PELHAM, N.H. — She repeatedly knocked him for failing to sign a pledge to limit outside campaign spending. He said her flawed promises in support of President Obama’s health care law have led people to believe they could not trust her pledges.
On a chilly Tuesday in the Granite State, the campaign for US Senate cranked up the heat.
Only four days after Scott Brown announced he was forming an exploratory committee for a US Senate run, he and Jeanne Shaheen, the incumbent Brown hopes to unseat, went on offense.
Shaheen, on her first full day of in-state events since Brown’s announcement, again and again pressed him to agree to a pact similar to the one he signed with his Democratic opponent in his ultimately unsuccessful 2012 Massachusetts US Senate reelection bid.
“I certainly hope that he will agree to his own People’s Pledge,” she said. “This is something that he offered in the race against Elizabeth Warren in Massachusetts, and I think it did reduce the outside money that came into the state in a way that was very good for the debate.”
Under the version proposed by Shaheen, if an outside group purchases campaign ads, the candidate who stands to benefit would contribute 50 percent of the cost of the ads to a charity of the opponent’s choosing.
Brown rejected the plan, calling the pledge too late because outside groups have already spent hundreds of thousands of dollars on the race.
“I’m not going to be doing the People’s Pledge, because I have a real problem, and so do the New Hampshire people, with her pledges,” Brown said, referring to Shaheen’s statement that people who liked their health care plans could keep them.
At a metal fabricating plant in Pelham, Brown said “the number one issue” that he has heard complaints about in New Hampshire is the 2010 federal health care law, an argument Republicans believe can sway voters across the country.
Brown tagged Shaheen as “one of the Obama Democrats” who supported the health care law.
Shaheen, for her part, said she had no regrets about voting in favor of the Affordable Care Act and wants to “fix what’s not working” without going back to the old system “that said you can be thrown off your health care if you get a serious illness.”
New Hampshire’s senior senator, who attended four public events across the state Tuesday, focused instead on finding ways to needle Brown about the pledge.
At Red River Computer Co. in Claremont, not far from the Vermont border, she declared herself “very disappointed” that he had not agreed to it.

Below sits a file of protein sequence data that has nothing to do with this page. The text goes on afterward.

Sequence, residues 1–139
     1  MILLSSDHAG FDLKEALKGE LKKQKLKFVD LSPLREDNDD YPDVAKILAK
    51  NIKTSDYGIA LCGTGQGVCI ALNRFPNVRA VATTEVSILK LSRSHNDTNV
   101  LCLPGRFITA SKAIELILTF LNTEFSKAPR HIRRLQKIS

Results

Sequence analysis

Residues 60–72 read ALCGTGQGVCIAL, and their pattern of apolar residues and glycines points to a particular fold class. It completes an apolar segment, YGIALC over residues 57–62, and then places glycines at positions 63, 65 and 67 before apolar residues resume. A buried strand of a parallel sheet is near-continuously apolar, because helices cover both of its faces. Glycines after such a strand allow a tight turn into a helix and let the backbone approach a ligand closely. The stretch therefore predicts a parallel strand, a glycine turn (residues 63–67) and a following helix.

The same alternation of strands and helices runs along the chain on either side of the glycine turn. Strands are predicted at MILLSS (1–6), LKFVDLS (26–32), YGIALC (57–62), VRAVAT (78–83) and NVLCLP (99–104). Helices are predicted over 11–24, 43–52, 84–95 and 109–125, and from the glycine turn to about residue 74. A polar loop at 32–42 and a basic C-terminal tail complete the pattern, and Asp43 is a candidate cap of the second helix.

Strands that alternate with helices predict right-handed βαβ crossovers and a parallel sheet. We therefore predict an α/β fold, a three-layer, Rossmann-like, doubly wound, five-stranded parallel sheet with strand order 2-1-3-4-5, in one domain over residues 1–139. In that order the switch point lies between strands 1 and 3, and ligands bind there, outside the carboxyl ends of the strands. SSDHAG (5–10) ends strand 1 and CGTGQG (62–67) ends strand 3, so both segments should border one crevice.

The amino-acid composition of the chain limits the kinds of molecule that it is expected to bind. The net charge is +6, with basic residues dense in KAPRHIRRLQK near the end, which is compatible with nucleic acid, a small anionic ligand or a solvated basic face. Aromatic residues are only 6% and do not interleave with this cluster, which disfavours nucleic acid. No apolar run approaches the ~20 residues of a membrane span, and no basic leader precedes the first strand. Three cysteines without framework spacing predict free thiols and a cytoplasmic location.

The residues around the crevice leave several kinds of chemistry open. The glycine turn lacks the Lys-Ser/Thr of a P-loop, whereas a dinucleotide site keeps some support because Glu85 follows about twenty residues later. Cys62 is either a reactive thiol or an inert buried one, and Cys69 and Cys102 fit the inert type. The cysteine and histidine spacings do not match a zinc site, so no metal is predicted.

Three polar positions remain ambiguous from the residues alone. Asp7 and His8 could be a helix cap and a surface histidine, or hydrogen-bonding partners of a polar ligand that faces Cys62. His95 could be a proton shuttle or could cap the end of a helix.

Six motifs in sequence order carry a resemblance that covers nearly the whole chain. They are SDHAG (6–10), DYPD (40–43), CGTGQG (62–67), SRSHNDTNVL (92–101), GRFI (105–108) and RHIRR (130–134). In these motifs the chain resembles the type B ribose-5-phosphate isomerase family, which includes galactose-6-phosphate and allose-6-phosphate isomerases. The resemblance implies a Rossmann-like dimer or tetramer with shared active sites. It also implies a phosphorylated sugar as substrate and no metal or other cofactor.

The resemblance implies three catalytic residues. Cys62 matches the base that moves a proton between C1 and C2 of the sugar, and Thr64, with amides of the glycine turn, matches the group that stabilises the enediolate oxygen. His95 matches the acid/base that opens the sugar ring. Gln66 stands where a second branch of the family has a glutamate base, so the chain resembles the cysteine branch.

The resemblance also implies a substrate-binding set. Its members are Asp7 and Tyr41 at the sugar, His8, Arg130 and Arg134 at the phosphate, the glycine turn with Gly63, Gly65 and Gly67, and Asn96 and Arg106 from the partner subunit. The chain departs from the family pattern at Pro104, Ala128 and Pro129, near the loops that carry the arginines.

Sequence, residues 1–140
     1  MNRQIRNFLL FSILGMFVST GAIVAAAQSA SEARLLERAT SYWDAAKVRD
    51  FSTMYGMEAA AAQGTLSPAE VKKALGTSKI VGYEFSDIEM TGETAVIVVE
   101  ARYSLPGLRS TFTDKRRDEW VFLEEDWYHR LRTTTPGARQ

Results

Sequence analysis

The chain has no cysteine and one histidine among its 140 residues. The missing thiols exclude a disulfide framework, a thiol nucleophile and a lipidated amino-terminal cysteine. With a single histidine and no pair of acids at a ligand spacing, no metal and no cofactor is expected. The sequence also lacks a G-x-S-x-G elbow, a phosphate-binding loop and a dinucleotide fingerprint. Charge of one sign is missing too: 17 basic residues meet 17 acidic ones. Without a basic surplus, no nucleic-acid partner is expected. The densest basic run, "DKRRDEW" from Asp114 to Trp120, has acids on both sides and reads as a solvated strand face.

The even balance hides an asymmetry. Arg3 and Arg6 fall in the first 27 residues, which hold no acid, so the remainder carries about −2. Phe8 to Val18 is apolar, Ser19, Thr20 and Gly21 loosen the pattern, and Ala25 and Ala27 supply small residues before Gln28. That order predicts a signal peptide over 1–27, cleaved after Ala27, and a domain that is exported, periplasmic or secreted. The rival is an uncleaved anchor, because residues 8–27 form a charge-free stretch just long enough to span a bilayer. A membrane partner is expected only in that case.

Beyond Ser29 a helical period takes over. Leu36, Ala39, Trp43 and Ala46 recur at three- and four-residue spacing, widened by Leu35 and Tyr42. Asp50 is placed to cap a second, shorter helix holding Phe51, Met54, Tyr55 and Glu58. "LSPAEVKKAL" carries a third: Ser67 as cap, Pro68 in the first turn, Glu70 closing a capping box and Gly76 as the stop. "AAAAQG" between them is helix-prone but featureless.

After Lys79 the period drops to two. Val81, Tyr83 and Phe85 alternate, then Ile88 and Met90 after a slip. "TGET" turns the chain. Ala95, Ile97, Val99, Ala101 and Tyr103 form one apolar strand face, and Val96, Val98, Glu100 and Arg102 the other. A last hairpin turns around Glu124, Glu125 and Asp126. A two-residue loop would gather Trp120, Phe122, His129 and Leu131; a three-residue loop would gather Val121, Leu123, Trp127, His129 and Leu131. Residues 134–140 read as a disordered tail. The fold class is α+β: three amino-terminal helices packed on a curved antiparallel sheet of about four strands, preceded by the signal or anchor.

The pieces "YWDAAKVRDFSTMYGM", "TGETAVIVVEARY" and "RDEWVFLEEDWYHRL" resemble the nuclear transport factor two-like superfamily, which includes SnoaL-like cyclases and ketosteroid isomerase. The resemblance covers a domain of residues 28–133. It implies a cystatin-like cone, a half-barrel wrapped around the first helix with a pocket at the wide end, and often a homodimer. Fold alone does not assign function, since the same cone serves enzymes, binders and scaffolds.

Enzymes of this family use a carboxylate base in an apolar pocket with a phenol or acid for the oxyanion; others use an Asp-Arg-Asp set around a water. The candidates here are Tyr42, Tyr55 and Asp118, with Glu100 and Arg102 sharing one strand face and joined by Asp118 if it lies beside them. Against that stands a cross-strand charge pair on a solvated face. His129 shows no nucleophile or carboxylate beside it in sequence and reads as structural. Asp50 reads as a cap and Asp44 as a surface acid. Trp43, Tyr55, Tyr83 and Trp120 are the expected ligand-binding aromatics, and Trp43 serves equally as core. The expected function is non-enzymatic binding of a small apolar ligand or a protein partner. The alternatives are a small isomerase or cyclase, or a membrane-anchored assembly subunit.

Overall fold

After schmoozing with local firefighters, she insisted that “voters in New Hampshire can make up their own minds” without big spending by outside groups. And she said people do not like negative ads, which third-party organizations often air in political races.
“Hopefully, he’s going to rethink his commitment to taking this People’s Pledge,” she said.
She called the assertion that it was too late to sign a deal curbing outside ads “a red herring,” noting that when Brown and Warren signed their deal, outside groups had already spent significant sums on advertising in that race.
In early 2012, Brown called on Warren to denounce ads from outside groups. She responded, and the campaigns, after some back and forth, drafted an agreement and signed a pact in late January of that year.
A 2013 report by the advocacy group Common Cause found that the Brown-Warren pledge significantly reduced outside spending in the race and resulted in comparatively fewer negative ads during the campaign.
Shaheen, a former New Hampshire governor who was elected to the US Senate in 2008, declined Tuesday to speak about why she believed she would be a better senator than Brown or what the themes she might strike in the 2014 campaign.
“I’m going to continue to stay focused on the needs of the people of New Hampshire,” she said. “That’s what I’ve been doing for the last 5½ years. That’s what I’m going to continue to do. I think my record speaks for itself.”
Shaheen also emphasized that Brown must first win a GOP primary. GOP candidates include Bob Smith, former US senator; Jim Rubens, former state senator; and conservative activist Karen Testerman. The filing deadline for the primary is in June.
Brown has not made his candidacy official. But as he continues the “exploratory committee” stage of his campaign, people close to Brown say he expects to announce campaign staff within days.
Back in Pelham, Brown sought to inoculate himself from the “carpetbagger” label that Democrats have flung at him after he sold his home in Wrentham and moved full time to the family vacation home in Rye, N.H., late last year.
“That’s a derogatory term to people who have made life decisions to come and be closer to their family or have a different lifestyle,” Brown said, pointing to the high number of people who move to New Hampshire. “So what they’re doing — and I’ve heard this over and over and over again — is that they’re insulting the people that have moved here.”
Brown, who has been mentioned for national office in 2016, said that if he ran and won, he would commit to serving a full six-year term
in the Senate, seeming to foreclose his joining a White House ticket.
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